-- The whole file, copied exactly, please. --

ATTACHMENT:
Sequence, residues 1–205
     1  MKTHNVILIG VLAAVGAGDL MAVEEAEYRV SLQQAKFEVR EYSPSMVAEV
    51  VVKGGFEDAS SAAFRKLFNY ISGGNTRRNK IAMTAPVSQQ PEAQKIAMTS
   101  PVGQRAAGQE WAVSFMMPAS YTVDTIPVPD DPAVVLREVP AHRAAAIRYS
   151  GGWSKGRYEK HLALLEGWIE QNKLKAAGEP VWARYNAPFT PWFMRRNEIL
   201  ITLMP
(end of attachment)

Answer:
Sequence, residues 1–205
     1  MKTHNVILIG VLAAVGAGDL MAVEEAEYRV SLQQAKFEVR EYSPSMVAEV
    51  VVKGGFEDAS SAAFRKLFNY ISGGNTRRNK IAMTAPVSQQ PEAQKIAMTS
   101  PVGQRAAGQE WAVSFMMPAS YTVDTIPVPD DPAVVLREVP AHRAAAIRYS
   151  GGWSKGRYEK HLALLEGWIE QNKLKAAGEP VWARYNAPFT PWFMRRNEIL
   201  ITLMP